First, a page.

In another project criticized in the report, a UC Davis group is studying how people interact with and control their bicycles. The researchers also want to build a robotic bike.
Mont Hubbard, a professor of mechanical engineering, is working with other faculty and students to develop dynamic models that can accurately describe how people ride bikes. The goal of the project, which received a $300,000 NSF award, is to understand the design parameters that could lead to bikes that are safer and easier to control by different groups of people and for different tasks.
The researchers are using a bike equipped with sensors [photo above] and also building a robotic bicycle to identify the parameters that their models need to take into account. As it turns out, Hubbard says, we know very little about how a bike's design affects safety, performance, and our ability to control it. In particular, we need to learn more about how the dynamics of the bike and rider affect each other.
"There's plenty to be discovered," Hubbard says. "Just because Senator Coburn knows how to ride a bicycle, it doesn't mean that's the end of it."
He adds that increasing bicycle usage would have "health benefits, transportation benefits, environmental benefits." Surveys show that although Americans don't bike much, many more would if they felt bikes were safer, he said.
The third project criticized in the report was a "robot rodeo," a three-day event that took place at a conference for computer science educators in Dallas, Texas, last year. The organizers, Jennifer Kay, a computer scientist at Rowan University, and Tom Lauwers, a robotics entrepreneur, say the goal of the event was to "introduce robot programming to the nearly 1200 educators attending the conference, and to raise awareness amongst participants of how robots could be used in their classrooms."
They say that despite evidence that robots can be used as educational tools to excite and motivate students, only a tiny fraction of educators have ever programmed a robot or tried them in their classrooms. They told me that the event — which involved months of planning and dozens of volunteers — received only $6,283 from the NSF, a number that the Coburn report doesn't mention. (Just for reference, that's one-fifth of what the Senate Hair Care Revolving Fund spent last year.)
And yes, Kay and Lauwers say, the event was designed to be fun:
"Perhaps the Robot Hoedown and Rodeo was singled out because it has an intentionally eye-catching name, and because on the surface it appears 'fun.' Indeed in his report Senator Coburn states, 'Videos of the event posted to YouTube suggest the effort was a source of enjoyment for observers.' It is precisely this 'fun' which our program aims to associate with Computer Science education, so that our current students will choose to become the future researchers that make the kinds of transformative discoveries that improve our society and our economy."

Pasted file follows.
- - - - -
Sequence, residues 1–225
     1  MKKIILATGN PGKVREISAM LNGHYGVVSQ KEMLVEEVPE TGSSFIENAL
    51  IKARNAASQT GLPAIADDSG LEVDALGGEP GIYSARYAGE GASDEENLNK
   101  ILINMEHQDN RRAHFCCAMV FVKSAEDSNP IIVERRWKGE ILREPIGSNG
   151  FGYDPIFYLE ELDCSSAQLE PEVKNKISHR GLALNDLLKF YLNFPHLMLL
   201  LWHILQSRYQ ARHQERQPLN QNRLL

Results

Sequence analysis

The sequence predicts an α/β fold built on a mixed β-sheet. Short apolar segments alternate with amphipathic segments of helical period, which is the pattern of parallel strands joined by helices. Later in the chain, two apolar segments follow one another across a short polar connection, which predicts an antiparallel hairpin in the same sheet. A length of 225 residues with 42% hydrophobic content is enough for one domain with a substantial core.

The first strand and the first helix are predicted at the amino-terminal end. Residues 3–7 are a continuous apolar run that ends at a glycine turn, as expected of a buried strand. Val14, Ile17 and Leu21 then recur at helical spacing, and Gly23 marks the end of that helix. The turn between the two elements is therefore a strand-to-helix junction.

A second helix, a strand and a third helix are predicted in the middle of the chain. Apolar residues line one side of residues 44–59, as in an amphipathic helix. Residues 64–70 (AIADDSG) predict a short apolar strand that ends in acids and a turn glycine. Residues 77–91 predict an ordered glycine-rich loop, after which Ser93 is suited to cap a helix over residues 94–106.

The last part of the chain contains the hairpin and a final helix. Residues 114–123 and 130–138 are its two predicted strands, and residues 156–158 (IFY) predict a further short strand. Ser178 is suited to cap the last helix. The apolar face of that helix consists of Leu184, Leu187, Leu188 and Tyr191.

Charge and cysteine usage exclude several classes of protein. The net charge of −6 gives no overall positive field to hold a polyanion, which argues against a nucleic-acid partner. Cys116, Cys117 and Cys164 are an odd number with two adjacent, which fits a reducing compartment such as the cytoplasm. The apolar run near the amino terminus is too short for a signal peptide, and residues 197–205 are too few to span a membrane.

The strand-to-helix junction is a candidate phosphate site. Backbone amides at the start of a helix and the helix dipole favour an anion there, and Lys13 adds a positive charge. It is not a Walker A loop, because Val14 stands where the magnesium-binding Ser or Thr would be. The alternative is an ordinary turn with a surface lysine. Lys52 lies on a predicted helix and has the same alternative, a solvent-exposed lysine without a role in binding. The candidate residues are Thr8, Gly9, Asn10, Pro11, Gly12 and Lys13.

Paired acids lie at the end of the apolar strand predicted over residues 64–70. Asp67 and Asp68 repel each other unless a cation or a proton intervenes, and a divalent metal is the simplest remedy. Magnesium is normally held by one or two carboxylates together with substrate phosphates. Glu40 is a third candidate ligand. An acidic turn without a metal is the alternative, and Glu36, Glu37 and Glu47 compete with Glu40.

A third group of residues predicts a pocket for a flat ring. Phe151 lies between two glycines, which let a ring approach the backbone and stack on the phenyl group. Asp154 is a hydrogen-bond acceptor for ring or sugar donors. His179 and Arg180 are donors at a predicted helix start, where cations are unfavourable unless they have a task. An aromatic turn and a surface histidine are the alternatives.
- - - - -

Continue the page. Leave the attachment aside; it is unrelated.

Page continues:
Coburn acknowledges that NSF grants have supported many scientific breakthroughs, but he insists that the agency could save between $1 billion and $3 billion by eliminating inefficiencies and duplication.
Among other things, he calls for the NSF to defund its social and behavioral sciences division and sharpen its focus on "truly transformative sciences with practical uses outside of academic circles and clear benefits to mankind and the world." (Full disclosure: IEEE Spectrum has collaborated with the Directorate for Engineering of the National Science Foundation to coproduce "Robots for Real," an award-winning special report with clear benefits to mankind and the world.)
But picking "winners" is a challenge even for experienced NSF program managers and the scientists who help the agency review its grant applications.
"In many cases, it can be difficult to identify, in advance, what kinds of research proposals might lead to transformative results," says Dana Topousis, an NSF spokesperson. "For instance, when NSF funded a graduate research fellow in the early 1990s to study digital libraries, we couldn't predict that that graduate student would co-found Google."
So who knows? The next Google may very well be a robotics company founded by a pair of NSF-funded researchers. Then again, there's only one way to find out.